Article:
Lipscomb’s very own associate professor, Dr. Jan Harris, released a book of poetry last fall titled “Isolating One’s Priority in a Time of Crisis“. With themes of love in the time of disaster, Harris’s free-verse poetry book covers the subject of life after the end of the world. That made me curious to see who Dr. Harris was and what her process was to create such art and where inspiration comes from. 

“I think for me inspiration comes in a lot of ways,” Dr. Harris said. “It’s really language. I start with a phrase or maybe an image that I want to return to and try to form words around it. Thinking about a topic and idea and trying to find an image that allows the expression of that in a way that creates space for a lot of people to engage.”

Harris stresses the importance of making sure the poem was able to let the audiences’ experiences find the emotional center of the poem no matter what their experience was.

Dr. Harris said, “That’s where it’s different than fiction since you need to give it an emotional resonance with your audience.”

Dr. Harris has been writing most of her life. When she was an undergrad there wasn’t a creative writing program, but she did participate in the school magazine in which she published some poetry. Though she graduated grad school with an unrelated degree, she always felt drawn back to writing and poetry. 

“Like most people who are writers, I kept trying to do things more practical,” Dr. Harris said, before telling me she went back into writing even if it didn’t seem practical to the rest of the world.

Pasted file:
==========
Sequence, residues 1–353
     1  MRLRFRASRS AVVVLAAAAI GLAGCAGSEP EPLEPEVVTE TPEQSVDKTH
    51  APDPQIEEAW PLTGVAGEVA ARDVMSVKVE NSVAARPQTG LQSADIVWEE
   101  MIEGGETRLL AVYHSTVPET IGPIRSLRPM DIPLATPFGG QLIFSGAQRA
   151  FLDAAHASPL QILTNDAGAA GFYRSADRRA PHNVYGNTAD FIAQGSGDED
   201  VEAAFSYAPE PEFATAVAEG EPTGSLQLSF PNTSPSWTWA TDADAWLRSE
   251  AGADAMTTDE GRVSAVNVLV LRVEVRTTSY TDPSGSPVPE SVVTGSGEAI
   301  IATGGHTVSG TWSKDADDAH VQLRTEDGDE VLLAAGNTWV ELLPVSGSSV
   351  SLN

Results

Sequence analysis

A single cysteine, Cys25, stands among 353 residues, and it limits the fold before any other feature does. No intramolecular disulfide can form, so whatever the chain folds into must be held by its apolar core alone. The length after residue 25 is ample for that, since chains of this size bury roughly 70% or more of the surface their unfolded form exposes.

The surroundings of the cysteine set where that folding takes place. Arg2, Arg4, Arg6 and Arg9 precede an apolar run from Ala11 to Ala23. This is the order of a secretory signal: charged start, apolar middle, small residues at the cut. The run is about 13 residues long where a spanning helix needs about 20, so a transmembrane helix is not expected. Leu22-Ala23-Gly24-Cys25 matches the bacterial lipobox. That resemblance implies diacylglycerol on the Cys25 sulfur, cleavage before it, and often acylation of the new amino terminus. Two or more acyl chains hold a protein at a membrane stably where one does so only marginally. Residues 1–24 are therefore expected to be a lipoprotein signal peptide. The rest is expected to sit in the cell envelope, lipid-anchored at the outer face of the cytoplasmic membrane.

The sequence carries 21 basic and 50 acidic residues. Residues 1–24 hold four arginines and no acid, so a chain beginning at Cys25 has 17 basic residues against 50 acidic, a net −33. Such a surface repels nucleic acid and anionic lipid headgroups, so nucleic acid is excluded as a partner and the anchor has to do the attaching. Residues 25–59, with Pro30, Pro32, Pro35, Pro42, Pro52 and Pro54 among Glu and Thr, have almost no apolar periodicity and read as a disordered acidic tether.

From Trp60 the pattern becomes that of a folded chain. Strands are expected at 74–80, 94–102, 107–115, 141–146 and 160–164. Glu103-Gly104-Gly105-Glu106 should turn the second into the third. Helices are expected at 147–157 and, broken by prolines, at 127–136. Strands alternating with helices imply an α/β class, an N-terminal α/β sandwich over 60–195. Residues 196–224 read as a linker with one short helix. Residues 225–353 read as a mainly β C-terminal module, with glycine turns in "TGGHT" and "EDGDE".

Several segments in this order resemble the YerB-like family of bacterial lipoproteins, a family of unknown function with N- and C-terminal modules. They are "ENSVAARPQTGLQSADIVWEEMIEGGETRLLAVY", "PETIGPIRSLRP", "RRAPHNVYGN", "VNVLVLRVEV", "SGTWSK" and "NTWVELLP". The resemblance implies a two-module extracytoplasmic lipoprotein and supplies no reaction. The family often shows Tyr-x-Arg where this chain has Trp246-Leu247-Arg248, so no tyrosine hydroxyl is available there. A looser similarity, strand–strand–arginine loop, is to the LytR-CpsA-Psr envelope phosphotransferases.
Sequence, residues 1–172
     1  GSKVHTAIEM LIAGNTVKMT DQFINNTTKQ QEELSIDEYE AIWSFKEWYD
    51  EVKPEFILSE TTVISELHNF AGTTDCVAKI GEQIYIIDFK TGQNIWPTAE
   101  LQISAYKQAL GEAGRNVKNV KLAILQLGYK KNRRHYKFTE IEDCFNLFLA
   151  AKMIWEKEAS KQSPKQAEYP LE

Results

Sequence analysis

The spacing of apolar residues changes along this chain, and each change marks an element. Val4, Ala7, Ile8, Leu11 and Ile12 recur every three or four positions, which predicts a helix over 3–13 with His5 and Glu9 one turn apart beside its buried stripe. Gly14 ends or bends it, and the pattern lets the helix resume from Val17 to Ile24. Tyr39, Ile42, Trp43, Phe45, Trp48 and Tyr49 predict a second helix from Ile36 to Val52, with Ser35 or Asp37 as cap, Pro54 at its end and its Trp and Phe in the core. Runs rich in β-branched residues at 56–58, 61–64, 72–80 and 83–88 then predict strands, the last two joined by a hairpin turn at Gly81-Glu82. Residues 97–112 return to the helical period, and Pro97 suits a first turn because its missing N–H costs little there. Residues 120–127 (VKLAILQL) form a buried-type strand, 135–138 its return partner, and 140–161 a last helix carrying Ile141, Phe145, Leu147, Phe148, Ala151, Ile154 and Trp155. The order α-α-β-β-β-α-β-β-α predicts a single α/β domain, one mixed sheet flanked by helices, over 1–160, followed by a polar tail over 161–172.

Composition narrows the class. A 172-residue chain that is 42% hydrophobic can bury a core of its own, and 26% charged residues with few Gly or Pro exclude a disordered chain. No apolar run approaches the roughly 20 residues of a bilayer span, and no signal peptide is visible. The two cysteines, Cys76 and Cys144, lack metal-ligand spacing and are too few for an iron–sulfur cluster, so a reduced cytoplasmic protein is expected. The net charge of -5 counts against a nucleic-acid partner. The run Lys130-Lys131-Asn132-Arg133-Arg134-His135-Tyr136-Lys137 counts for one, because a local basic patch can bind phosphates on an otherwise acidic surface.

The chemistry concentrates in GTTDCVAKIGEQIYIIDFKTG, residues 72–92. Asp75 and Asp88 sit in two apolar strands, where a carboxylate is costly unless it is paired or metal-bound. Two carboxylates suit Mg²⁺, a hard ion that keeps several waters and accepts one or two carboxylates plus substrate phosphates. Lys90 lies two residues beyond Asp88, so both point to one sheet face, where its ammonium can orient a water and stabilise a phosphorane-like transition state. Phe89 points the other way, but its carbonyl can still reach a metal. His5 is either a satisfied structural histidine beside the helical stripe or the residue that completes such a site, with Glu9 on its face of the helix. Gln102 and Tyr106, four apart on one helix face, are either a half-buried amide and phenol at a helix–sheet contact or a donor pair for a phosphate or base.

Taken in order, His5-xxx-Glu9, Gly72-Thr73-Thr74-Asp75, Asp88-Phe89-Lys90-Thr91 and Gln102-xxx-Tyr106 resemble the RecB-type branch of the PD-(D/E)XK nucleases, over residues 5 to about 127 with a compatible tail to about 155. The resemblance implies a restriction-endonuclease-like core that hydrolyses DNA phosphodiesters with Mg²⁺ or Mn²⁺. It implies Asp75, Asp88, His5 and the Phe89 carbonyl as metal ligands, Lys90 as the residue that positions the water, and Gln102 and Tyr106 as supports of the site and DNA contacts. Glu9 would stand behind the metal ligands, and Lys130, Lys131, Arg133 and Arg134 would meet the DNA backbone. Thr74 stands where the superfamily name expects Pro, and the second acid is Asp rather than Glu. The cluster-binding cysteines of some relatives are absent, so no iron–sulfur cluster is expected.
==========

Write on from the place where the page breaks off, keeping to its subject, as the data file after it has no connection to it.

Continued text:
Regarding her writing process, Dr. Harris stated that she meditates, exercises, and runs in order to get in the right space. 

Dr. Harris said, “I’m a conceptual thinker so I must integrate my body and mind in order to write well.” 

And what Dr. Harris said was that she has found it interesting to watch her students over the years finding their own processes for writing. And as for advice for aspiring poets, she gave a list of things to do:

  1. Take a poetry class. 
  2. Trust your gift. The point is not how good you are right now but to grow as a writer.
  3. Let people read your work. 

“Poetry is your birthright,” Dr. Harris said. “As a human being, you have the ability to write and express yourself in poetry. My biggest advice is to not worry about it. Give yourself permission to write bad poems and make a mistake.”

Lastly, I asked what message Dr. Harris wanted readers to take away from her book.

“It’s funny because ostensibly I wrote a book about after the end of the world,” Dr. Harris started, “but after going back and reading it, I realized I wrote a book about love. When the world falls apart in the end, what really matters is how we love one another and treat one another with respect and dignity. It’s about loving one another in the face of disaster.”

And what better time to apply this message to our day-to-day lives. In a world that is growing increasingly more and more divisive, to walk in love is a true gift to share with the people around us. Dr. Harris writes a timely piece which she hopes will share with the world a message of love that will last even after a crisis. 

Photo Courtesy of Dr. Jan Harris

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